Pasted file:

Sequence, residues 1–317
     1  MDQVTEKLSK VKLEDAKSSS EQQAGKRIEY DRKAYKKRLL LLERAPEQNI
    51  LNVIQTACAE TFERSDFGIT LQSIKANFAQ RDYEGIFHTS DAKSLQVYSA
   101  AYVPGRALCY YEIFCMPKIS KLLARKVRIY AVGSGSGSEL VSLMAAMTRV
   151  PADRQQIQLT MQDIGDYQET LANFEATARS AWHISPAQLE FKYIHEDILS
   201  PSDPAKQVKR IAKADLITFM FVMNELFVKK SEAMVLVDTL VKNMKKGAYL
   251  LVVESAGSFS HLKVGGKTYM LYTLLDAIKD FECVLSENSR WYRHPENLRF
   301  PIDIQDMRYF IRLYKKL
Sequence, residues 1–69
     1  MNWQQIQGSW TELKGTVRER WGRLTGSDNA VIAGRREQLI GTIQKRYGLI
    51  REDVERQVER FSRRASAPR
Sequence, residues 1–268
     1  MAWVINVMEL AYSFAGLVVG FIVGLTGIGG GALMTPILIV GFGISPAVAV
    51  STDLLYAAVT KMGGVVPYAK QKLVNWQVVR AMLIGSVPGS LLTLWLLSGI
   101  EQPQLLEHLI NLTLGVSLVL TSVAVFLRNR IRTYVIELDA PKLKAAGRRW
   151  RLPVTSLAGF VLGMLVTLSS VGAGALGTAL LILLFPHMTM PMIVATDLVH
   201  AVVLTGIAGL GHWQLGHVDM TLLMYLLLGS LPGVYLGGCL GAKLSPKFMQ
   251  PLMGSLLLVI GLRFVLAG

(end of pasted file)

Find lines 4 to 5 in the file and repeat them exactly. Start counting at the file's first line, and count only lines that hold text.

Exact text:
   101  AYVPGRALCY YEIFCMPKIS KLLARKVRIY AVGSGSGSEL VSLMAAMTRV
   151  PADRQQIQLT MQDIGDYQET LANFEATARS AWHISPAQLE FKYIHEDILS